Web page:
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Judge halts UCLA’s sale of Hannah Carter Japanese Garden

A Los Angeles Superior Court judge halted UCLA’s sale of the Hannah Carter Japanese Garden on Friday. The garden is located in the neighborhood of Bel Air.

By Daily Bruin Staff

July 30, 2012 1:43 a.m.

Correction: The original version of this article contained an error. The temporary restraining order holds until August 6, according to the motion that was filed. Before the order expires, the heirs have the option of extending the halt on the garden’s sale until the trial is over, the motion said.

A judge ordered a temporary hold on UCLA’s plans to sell the Hannah Carter Japanese Garden in Bel Air, Friday.

Los Angeles Superior Court Judge Lisa Hart Cole said in her ruling that the university is contractually obligated to keep the garden, according to the motion that was filed.

The university said it would postpone the process of accepting bids for the garden, according to a university statement released Friday. The opening of bids was set for Aug. 15 before the postponement.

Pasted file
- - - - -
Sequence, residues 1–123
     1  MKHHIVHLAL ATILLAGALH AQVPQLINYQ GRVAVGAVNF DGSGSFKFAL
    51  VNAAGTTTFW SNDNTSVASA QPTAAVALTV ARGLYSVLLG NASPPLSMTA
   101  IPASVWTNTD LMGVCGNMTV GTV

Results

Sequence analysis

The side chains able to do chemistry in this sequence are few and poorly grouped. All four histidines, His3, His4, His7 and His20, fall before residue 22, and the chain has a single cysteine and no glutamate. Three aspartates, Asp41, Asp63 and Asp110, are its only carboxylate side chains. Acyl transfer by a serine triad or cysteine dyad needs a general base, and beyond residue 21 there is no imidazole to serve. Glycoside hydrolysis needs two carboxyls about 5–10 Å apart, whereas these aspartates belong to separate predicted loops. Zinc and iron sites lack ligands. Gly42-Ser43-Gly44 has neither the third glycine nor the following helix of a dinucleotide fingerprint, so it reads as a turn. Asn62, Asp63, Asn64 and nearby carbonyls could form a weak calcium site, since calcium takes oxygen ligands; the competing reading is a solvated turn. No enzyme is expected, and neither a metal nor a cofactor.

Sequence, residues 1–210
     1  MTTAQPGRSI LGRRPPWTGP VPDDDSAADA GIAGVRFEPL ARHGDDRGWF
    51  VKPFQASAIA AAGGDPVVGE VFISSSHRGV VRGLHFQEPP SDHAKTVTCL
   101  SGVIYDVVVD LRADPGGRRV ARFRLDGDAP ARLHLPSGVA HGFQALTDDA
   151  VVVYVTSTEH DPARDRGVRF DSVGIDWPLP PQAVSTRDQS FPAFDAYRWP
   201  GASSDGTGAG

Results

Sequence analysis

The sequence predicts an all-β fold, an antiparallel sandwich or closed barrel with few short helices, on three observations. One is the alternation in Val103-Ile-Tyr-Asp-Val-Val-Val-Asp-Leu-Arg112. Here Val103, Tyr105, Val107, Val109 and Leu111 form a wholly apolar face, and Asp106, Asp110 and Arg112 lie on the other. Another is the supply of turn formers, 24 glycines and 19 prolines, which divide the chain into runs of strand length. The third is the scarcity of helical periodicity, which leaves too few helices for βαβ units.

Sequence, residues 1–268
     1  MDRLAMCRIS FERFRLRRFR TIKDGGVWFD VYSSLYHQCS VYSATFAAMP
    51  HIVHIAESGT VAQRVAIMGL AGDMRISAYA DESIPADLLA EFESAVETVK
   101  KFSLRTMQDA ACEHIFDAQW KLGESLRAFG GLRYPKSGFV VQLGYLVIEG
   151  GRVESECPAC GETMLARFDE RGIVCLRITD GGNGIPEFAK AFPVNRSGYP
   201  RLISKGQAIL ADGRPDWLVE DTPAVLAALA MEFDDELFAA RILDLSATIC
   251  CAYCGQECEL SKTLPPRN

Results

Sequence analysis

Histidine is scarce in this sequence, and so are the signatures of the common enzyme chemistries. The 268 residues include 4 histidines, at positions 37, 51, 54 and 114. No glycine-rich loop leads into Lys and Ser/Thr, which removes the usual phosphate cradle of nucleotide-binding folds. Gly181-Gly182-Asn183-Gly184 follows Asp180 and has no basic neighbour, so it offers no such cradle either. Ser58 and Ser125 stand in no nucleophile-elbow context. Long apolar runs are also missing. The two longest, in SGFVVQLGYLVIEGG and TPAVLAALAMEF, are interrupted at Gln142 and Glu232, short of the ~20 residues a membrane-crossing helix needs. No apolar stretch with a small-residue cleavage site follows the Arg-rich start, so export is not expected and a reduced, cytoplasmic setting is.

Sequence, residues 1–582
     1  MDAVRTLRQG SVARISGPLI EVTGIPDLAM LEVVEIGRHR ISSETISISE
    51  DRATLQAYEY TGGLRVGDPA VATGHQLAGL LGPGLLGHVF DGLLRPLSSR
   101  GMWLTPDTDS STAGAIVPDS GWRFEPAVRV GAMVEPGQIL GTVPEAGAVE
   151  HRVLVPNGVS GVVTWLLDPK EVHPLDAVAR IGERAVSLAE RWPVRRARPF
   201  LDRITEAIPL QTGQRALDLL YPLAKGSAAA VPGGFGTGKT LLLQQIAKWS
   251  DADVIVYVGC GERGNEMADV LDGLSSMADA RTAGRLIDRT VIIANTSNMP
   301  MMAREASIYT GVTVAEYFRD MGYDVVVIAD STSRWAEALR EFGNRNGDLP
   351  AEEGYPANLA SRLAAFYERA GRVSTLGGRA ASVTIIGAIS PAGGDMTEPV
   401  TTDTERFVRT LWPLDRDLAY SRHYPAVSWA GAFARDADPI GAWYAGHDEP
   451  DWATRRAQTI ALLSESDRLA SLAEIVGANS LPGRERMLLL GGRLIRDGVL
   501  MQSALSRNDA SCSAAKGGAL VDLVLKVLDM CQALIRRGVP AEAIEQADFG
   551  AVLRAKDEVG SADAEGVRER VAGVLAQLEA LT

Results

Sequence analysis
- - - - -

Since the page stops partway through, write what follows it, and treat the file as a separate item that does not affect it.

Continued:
Last November, UCLA announced plans to auction off the garden, donated in 1965 by Hannah Carter and her husband, former UC Regents Chair Edward Carter. The announcement sparked calls for the garden’s protection by conservation groups and the UCLA community.

Hannah Carter’s heirs filed a lawsuit against the UC Board of Regents in May, claiming the regents reportedly violated an agreement to maintain the Bel Air garden in perpetuity. The heirs are suing to block the sale of the garden and force UCLA to abide by the agreement to preserve the garden.

A judge initially rejected the heirs’ request for a temporary restraining order filed to block the sale in mid-May. Walter Moore, an attorney for the heirs, told the Daily Bruin in May they still planned to file a motion to stop the garden’s sale for the judge to have more time to review in the future.

On Friday, the judge said UCLA’s failure to notify the heirs about selling the garden was dishonest.

In a February editorial in the Daily Bruin, Chancellor Gene Block said the garden does not serve a teaching or research purpose, and has been accompanied by increasing maintenance costs and issues surrounding parking availability.

“The university believes that resources are best directed toward our academic mission and not toward a garden that serves no teaching or research purpose,” said university spokesman Phil Hampton in an emailed statement.

The temporary restraining order holds until August 6, according to the motion that was filed. Before the order expires, the heirs have the option of extending the halt on the garden’s sale until the trial is over, the motion said.

Compiled by Erin Donnelly, Bruin senior staff.

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